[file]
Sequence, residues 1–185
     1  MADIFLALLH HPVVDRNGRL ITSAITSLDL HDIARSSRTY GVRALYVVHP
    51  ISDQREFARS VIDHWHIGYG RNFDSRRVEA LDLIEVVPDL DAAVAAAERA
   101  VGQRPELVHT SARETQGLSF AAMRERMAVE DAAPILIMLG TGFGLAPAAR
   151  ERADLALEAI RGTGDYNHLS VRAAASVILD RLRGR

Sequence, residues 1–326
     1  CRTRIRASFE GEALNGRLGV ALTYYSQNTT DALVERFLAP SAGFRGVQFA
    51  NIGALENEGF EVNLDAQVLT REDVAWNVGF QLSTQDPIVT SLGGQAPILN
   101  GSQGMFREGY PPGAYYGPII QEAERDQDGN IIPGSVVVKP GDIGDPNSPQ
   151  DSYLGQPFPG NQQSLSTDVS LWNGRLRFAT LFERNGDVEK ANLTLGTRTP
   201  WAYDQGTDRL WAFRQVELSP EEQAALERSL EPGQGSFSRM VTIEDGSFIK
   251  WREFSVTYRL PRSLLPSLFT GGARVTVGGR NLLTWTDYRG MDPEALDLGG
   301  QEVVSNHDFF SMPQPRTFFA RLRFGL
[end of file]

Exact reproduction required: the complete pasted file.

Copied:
Sequence, residues 1–185
     1  MADIFLALLH HPVVDRNGRL ITSAITSLDL HDIARSSRTY GVRALYVVHP
    51  ISDQREFARS VIDHWHIGYG RNFDSRRVEA LDLIEVVPDL DAAVAAAERA
   101  VGQRPELVHT SARETQGLSF AAMRERMAVE DAAPILIMLG TGFGLAPAAR
   151  ERADLALEAI RGTGDYNHLS VRAAASVILD RLRGR

Sequence, residues 1–326
     1  CRTRIRASFE GEALNGRLGV ALTYYSQNTT DALVERFLAP SAGFRGVQFA
    51  NIGALENEGF EVNLDAQVLT REDVAWNVGF QLSTQDPIVT SLGGQAPILN
   101  GSQGMFREGY PPGAYYGPII QEAERDQDGN IIPGSVVVKP GDIGDPNSPQ
   151  DSYLGQPFPG NQQSLSTDVS LWNGRLRFAT LFERNGDVEK ANLTLGTRTP
   201  WAYDQGTDRL WAFRQVELSP EEQAALERSL EPGQGSFSRM VTIEDGSFIK
   251  WREFSVTYRL PRSLLPSLFT GGARVTVGGR NLLTWTDYRG MDPEALDLGG
   301  QEVVSNHDFF SMPQPRTFFA RLRFGL